- Settlement adds an immediate 30% to the bottom line.
- Cross-licensing of 900+ patents improves IP position, and clears way for acquisition.
- Intel is the ideal suitor.
As of this evening, I'm kicking myself. Ever since the last earnings call from InvenSense (NYSE:INVN), I've been hinting that there are "some near term catalysts that everyone else is missing." I wasn't talking about the revenue diversification, though Xiaomi accounting for 16% of their revenue and LG for another 10% is excellent, and of course everyone saw the 25-30% YoY growth projection. The thing that nobody commented on was that management said that litigation with STMicroelectronics (NYSE:STM) had finished the discovery phase. This suggested to me that a settlement was now possible, but I have to admit, I never thought it would happen so quickly. The details of the publishing process held me back, and this time InvenSense beat me to the punch. This article will explain why I think this event is so significant and why it happened so quickly.
First of all, while many of the terms of the settlement are confidential, neither company admitted liability. InvenSense had the better of it early on in the courts and from this I speculate that there were no substantial cash payments. If any money was exchanged, I would guess InvenSense was on the receiving end. Regardless of that, management said in the Q&A of its earnings call that its outlook had included provisions of $3-5 million in legal expenses per quarter for the foreseeable future. If we take the median of $4 million per quarter against average net income of $13.58 million for the last 4 quarters, this alone adds almost 30% straight to the company's bottom line. With 87.5 million shares outstanding, that's an extra 18 cents of EPS for the year.
Just about the only other facet of the settlement that was revealed was a cross-licensing agreement. Amongst other patents, STMicro gains access to InvenSense's cutting edge Nasiri manufacturing process, which InvenSense had already opened up to third party developers. InvenSense and its ecosystem are now free to innovate further without fear of further complication from STMicro's 900+ legacy patents. It would be hard to overstate the importance of this development from an Intellectual Property perspective. STMicro, InvenSense and Bosch dominate the patent landscape for MEMs, and InvenSense is by far the best positioned for the coming Always-On revolution.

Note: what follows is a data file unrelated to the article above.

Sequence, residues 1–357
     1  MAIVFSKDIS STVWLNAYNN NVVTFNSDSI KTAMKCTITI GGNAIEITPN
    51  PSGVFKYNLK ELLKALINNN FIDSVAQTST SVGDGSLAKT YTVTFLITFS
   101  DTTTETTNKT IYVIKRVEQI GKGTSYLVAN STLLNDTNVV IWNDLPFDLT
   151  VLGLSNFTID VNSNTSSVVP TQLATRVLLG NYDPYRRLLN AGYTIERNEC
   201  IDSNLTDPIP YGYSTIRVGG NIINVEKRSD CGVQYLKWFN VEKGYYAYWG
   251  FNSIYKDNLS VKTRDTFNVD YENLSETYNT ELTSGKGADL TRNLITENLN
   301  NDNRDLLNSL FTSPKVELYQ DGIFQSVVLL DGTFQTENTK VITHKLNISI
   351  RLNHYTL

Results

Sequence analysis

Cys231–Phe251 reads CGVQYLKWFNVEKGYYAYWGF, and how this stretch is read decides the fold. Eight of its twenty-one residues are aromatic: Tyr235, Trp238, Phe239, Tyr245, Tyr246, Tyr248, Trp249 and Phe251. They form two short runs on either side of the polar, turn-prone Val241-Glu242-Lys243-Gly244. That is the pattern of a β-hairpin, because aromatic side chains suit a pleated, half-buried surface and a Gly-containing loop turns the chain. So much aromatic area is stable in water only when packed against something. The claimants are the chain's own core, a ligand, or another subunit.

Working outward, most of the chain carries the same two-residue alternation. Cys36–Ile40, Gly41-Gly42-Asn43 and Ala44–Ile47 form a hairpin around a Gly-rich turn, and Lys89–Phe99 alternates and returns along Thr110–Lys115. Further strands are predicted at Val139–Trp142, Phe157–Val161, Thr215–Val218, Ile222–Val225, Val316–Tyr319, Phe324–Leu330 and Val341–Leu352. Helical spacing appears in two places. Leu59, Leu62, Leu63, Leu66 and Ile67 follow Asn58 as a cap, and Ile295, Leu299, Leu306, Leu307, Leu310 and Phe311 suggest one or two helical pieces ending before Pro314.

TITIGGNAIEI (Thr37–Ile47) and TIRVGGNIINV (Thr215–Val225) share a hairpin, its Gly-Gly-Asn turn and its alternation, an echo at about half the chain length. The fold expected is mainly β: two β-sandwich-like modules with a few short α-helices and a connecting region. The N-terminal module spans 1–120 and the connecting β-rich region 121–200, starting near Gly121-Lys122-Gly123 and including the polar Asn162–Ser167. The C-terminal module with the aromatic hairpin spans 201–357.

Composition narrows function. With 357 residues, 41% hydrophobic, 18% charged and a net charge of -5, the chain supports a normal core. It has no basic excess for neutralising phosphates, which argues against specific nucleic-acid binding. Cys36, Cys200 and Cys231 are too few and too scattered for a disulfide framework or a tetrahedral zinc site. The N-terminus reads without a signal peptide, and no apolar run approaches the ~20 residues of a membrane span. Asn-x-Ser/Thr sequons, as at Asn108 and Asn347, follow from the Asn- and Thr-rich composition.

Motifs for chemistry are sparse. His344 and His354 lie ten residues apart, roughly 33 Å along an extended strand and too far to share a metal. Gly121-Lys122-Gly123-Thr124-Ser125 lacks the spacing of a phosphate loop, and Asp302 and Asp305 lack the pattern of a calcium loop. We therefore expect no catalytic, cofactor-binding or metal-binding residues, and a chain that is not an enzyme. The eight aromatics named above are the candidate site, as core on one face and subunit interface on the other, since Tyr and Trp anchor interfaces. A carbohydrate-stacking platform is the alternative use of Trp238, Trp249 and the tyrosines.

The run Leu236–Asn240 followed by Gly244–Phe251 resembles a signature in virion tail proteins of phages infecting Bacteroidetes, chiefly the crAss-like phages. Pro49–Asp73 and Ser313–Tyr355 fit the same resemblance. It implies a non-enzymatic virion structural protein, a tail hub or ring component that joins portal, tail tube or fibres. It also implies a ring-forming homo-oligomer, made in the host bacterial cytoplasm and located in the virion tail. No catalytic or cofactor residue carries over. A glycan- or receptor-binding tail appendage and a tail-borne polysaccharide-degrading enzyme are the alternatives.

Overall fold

KitKat, the latest version of the Android mobile operating system from Google (NASDAQ:GOOG) already specifies that most environmental monitoring must be done off the main processor to save battery. InvenSense is first to market with SoC (System-on-Chip) solutions to implement this after acquiring the microphone unit of Analog Devices (NYSE:ADI) and thereby further strengthening their patent portfolio. Apple (NASDAQ:AAPL) has further validated the always-on SoC approach with its M7 chip in the latest iPhones. The M7 is, however, far too large and power hungry to go into a wearable device. Despite many premature analyst claims, I've long predicted that only when Apple turns its many recent wearable device patents into actual iWatch, will InvenSense gain the company as a customer. However, the settlement means that it may be time to think even bigger than new design wins. Both Google and Apple have already shown that they are willing to pay handsomely for mobile patent portfolios, but there is another option that's better yet...
Intel (NASDAQ:INTC) has been trying to break into the mobile market for some time now, and the fact that it used competitor chips from competitor ARM Holdings (NASDAQ:ARMH) in their recent CES demo shows just how much catching up the company still has to do. Intel's big wearable push is its best chance of leapfrogging and achieving this goal. Intel has already purchased Acquire Sensory Networks, Omek, and IndiSys in the past year. InvenSense would be a far bigger purchase, but adding its cutting edge design to Intel's best-in-class manufacturing would easily be the most synergistic buyout the chip giant has ever made. Intel already makes chips for Apple , and the latter company finally gets the means for cutting Samsung completely out of its mobile production. Intel, for its part would suddenly have a foot in the door on both major mobile platforms. The clock is ticking and I suspect that these sort of musings are exactly what caused litigation to go almost directly from discovery to settlement. Time will tell.
Disclosure: I am long INVN. I wrote this article myself, and it expresses my own opinions. I am not receiving compensation for it (other than from Seeking Alpha). I have no business relationship with any company whose stock is mentioned in this article.